Thousands of SA women silently suffering the devastating symptoms of untreated uterine fibroids
Interventional radiologist Dr Gary Sudwarts has set himself the goal of raising awareness of the debilitating women’s health condition of uterine fibroids, which he believes warrants much greater attention and awareness than it currently receives.
Dr Sudwarts, who practises at Netcare Park Lane Hospital in Johannesburg, as well as UCT Private Academic Hospital in Cape Town, has actively worked to bring non-invasive healthcare treatment alternatives to the large number of South African women whose lives have been negatively impacted by uterine fibroids. Dr Sudwarts and radiologist Dr Maja Wojno will be presenting a free lecture at a public workshop for women on uterine fibroids.
During the workshop, the latest technological advances in the treatment of uterine fibroids will be shared. The doctors will also explain the micro-invasive technique of uterine fibroid embolisation, (UFE), which offers a highly effective treatment alternative for women who have developed fibroids.
The hour-long lecture will be hosted on Thursday, 7 April 2016, at 18h00 for 18h30 at Hazeldene Hall, 22 Ridge Road, Johannesburg. Free and secure parking as well as refreshments will be on offer.
“I find it disconcerting that in today’s times so many South African women are still silently suffering the devastating symptoms of untreated uterine fibroids,” says Dr Sudwarts. “It is also concerning that so many thousands of women in our country, some relatively young, are faced with the prospect of a hysterectomy because of the condition.”
“Nowadays more and more effective treatment options are becoming available for women with severe uterine fibroids, and it is important that they be made aware of the alternatives that are now available to them,” he says.
“Essentially, when symptomatic therapy fails, there are three main surgical options available to treat fibroids and the choice of which to opt for will be influenced by the type, number, location and size of the fibroids present. In some cases a myomectomy, which is a procedure in which the fibroids are removed during open surgery, is indicated. Alternatively, a hysterectomy, where the uterus is removed, may be recommended.
“The latest alternative, which is becoming an increasingly popular choice among those women for whom the procedure is a viable treatment, is uterine fibroid embolisation. This non-invasive procedure has a much lower rate of complications, is less painful with a considerably shorter recovery time compared with either myomectomy or hysterectomy.”
“The UFE procedure is done with the aid of anatomical mapping using x-rays. During the procedure, catheters or thin tubes are inserted into a minor puncture wound in the groin to inject microscopic particles into the arteries supplying the fibroids with nutrients, causing them to shrink dramatically. The patient usually only stays in hospital overnight,” explains Dr Sudwarts.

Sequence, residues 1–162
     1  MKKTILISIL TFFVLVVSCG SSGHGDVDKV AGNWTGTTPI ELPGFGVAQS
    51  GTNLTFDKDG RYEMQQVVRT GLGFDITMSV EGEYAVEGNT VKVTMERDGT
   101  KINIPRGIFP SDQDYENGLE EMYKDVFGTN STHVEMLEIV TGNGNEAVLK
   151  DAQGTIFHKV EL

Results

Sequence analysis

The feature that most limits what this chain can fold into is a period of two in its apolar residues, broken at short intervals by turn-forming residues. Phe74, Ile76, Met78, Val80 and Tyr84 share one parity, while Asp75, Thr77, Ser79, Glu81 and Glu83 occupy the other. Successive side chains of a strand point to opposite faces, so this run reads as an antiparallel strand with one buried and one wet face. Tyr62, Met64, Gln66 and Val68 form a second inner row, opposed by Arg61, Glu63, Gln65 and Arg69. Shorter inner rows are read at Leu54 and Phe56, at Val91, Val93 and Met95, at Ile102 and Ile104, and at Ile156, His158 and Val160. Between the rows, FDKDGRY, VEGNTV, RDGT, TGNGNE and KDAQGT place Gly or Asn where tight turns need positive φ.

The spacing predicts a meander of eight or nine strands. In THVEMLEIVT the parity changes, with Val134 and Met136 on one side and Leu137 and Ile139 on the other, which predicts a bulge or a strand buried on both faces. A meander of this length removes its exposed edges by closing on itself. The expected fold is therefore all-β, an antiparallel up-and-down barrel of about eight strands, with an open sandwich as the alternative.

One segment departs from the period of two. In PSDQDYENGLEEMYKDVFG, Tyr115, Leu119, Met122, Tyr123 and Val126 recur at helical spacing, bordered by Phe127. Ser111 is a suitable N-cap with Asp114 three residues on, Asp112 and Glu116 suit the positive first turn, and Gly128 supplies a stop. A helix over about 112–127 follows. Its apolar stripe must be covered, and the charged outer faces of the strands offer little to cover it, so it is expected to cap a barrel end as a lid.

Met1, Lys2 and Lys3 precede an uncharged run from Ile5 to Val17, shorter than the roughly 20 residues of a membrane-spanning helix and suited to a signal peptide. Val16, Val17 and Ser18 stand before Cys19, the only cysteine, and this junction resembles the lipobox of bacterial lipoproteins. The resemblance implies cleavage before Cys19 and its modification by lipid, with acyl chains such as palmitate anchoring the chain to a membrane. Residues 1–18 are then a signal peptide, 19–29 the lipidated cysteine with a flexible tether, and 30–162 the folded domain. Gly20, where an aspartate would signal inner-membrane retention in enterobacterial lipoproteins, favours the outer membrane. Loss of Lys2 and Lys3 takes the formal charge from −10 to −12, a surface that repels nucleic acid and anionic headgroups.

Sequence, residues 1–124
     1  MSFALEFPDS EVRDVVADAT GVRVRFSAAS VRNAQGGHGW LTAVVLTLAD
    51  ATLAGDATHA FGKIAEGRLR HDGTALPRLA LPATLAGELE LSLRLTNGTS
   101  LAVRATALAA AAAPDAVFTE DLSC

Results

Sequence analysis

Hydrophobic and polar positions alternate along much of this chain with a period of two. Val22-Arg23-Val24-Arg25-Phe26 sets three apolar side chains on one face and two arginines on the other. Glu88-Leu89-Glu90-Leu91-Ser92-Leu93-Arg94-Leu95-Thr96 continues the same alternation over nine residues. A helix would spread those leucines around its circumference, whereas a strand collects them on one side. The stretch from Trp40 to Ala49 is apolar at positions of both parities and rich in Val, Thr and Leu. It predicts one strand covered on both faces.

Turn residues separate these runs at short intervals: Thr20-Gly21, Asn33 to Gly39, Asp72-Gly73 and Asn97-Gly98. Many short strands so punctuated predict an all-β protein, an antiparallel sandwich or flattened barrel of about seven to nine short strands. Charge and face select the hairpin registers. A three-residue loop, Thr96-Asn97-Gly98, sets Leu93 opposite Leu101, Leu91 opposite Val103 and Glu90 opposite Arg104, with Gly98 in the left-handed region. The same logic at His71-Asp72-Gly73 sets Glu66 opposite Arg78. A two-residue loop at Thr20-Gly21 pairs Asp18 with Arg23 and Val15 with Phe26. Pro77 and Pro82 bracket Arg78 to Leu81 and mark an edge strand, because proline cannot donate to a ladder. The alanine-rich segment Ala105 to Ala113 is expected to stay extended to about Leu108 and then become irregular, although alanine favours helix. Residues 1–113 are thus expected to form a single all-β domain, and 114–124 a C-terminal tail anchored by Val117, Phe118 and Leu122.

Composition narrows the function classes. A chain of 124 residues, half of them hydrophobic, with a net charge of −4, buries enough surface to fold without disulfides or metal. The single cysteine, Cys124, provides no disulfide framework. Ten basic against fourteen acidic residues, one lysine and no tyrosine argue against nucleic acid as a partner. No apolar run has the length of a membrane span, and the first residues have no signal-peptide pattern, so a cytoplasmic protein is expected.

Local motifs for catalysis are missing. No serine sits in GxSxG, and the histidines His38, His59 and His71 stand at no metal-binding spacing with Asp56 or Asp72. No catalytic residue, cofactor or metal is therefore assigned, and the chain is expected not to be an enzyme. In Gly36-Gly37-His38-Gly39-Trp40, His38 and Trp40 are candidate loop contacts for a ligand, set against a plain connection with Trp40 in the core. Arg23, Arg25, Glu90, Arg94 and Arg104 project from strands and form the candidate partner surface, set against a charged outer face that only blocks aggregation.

What are uterine fibroids?
Uterine fibroids are muscular, non-cancerous tumours that develop in the walls of the uterus. They most commonly, although not exclusively, develop in women in their 30s and 40s. Internationally, 20% of women have fibroids although Dr Sudwarts believes that this number is higher in South Africa.
Heavy menstrual bleeding, pelvic pain, back and leg pains, pain during sex, feelings of exhaustion and even a strange urge to eat clay; are just some of the troubling, even debilitating, symptoms that affect many of the hundreds of thousands of South African women who suffer from uterine fibroids. The desire to consume earth or clay is an attempt to replenish the low iron levels caused by heavy menstrual bleeding.
What should women do if they suspect they may have a problem? Dr Sudwarts advises they visit their doctor or gynaecologist. If a patient is diagnosed with uterine fibroids, she would be well advised to find out as much as possible about the condition. “Be sure to ask your doctor about all of the possible treatment options that are available for your particular situation,” he adds.
Dr Sudwarts says the clinical outcomes of UFE compare most favourably with other treatment options, yet it is a much simpler and safer procedure. It is a recommended treatment in countries such as the United Kingdom where the National Health Service (NHS) promotes it.
“The overwhelming majority of women who have undergone UFE experience significant or total relief from heavy bleeding, pain and bloating. Other problems it can help resolve include a general feeling of heaviness and discomfort, constipation, urinary frequency and leg or back pain.”
UFE is offered at Netcare Park Lane, Netcare Sunward Park and Netcare Linksfield hospitals in Johannesburg, Netcare Unitas Hospital in Pretoria, UCT Private Academic Hospital in Cape Town, Universitas Private Hospital in Bloemfontein and Netcare St Augustine’s Hospital in Durban.
Please see the following video link on uterine fibroids: https://www.youtube.com/watch?v=iaFT_m6Y3oc